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Physical-chemical properties and evaluative fate modelling of 'emerging' and 'novel' brominated and organophosphorus flame retardants in the indoor and outdoor environment
Stockholm University, Faculty of Science, Department of Environmental Science and Analytical Chemistry. IVL Swedish Environmental Research Institute, Sweden.
Stockholm University, Faculty of Science, Department of Environmental Science and Analytical Chemistry.
Number of Authors: 3
2015 (English)In: Science of the Total Environment, ISSN 0048-9697, E-ISSN 1879-1026, Vol. 524, 416-426 p.Article in journal (Refereed) Published
Abstract [en]

Several groups of flame retardants (FRs) have entered the market in recent years as replacements for polybrominated diphenyl ethers (PBDEs), but little is known about their physical-chemical properties or their environmental transport and fate. Here we make best estimates of the physical-chemical properties and undertake evaluative modelling assessments (indoors and outdoors) for 35 so-called 'novel' and 'emerging' brominated flame retardants (BFRs) and 22 organophosphorus flame retardants (OPFRs). A QSPR (Quantitative Structure-Property Relationship) based technique is used to reduce uncertainty in physical-chemical properties and to aid property selection for modelling, but it is evident that more, high quality property data are required for improving future assessments. Evaluative modelling results show that many of the alternative FRs, mainly alternative BFRs and some of the halogenated OPFRs, behave similarly to the PBDEs both indoors and outdoors. These alternative FRs exhibit high overall persistence (Pov), long-range transport potential (LRTP) and POP-like behaviour and on that basis cannot be regarded as suitable replacements to PBDEs. A group of low molecular weight alternative BFRs and non-halogenated OPFRs show a potentially better environmental performance based on Pov and LRTP metrics. Results must be interpreted with caution though since there are significant uncertainties and limited data to allow for thorough model evaluation. Additional environmental parameters such as toxicity and bioaccumulative potential as well as functionality issues should be considered in an industrial substitution strategy.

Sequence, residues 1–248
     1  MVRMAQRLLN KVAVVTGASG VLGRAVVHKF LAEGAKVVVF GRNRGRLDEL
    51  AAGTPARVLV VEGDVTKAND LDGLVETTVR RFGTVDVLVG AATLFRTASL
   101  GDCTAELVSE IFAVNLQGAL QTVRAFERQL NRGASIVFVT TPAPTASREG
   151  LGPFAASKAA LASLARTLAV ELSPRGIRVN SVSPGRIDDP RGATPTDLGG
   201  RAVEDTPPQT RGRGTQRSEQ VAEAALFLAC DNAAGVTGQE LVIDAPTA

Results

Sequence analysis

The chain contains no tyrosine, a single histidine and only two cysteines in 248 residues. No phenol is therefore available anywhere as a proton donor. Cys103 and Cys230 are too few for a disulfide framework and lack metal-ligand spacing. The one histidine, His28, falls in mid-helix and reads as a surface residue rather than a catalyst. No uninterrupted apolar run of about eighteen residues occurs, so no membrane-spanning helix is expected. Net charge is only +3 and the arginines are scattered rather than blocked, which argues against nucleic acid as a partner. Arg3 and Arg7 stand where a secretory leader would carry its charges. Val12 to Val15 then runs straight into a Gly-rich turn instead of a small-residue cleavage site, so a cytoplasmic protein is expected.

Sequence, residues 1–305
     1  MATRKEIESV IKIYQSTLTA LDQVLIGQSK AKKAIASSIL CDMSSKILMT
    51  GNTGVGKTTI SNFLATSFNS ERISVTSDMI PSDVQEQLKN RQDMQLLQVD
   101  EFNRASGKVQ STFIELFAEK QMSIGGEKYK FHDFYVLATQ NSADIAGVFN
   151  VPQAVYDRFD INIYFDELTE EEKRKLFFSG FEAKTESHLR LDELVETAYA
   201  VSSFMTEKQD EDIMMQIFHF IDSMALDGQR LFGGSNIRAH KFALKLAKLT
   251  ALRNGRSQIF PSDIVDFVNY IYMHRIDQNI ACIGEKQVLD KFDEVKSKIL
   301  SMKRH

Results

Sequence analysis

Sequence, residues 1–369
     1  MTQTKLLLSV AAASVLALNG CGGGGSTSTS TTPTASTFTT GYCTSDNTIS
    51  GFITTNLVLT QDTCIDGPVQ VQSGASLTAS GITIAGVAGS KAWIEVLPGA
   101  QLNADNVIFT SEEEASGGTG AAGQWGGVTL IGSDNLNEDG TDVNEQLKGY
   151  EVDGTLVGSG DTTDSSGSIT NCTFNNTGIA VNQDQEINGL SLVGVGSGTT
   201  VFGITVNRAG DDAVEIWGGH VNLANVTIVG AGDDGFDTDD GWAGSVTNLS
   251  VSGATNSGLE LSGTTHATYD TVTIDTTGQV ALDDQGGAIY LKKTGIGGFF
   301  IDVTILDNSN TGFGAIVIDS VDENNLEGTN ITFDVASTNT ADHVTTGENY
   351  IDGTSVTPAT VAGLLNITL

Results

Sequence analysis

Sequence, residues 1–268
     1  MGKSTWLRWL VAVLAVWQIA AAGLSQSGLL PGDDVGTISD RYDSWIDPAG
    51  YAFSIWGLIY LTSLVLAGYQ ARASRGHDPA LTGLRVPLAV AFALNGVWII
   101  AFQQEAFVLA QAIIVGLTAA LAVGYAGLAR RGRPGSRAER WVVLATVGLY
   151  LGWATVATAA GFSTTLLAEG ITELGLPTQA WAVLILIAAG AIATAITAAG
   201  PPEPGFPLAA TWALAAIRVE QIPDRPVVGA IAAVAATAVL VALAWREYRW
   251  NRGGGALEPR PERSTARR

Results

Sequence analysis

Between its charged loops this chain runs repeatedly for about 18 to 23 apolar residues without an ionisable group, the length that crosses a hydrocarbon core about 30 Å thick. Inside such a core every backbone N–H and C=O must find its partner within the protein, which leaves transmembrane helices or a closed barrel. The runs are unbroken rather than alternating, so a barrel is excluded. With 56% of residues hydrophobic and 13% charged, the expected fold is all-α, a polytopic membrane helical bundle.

Place, publisher, year, edition, pages
2015. Vol. 524, 416-426 p.
Keyword [en]
BFRs, OPFRs, Indoor fate, Persistence, Physical-chemical properties
National Category
Earth and Related Environmental Sciences
Research subject
Applied Environmental Science
URN: urn:nbn:se:su:diva-118329DOI: 10.1016/j.scitotenv.2015.02.106ISI: 000355010400042OAI: diva2:823755
Available from: 2015-06-18 Created: 2015-06-15 Last updated: 2016-03-02Bibliographically approved
In thesis
1. Indoor emissions and fate of flame retardants: A modelling approach
Open this publication in new window or tab >>Indoor emissions and fate of flame retardants: A modelling approach
2016 (English)Doctoral thesis, comprehensive summary (Other academic)
Abstract [en]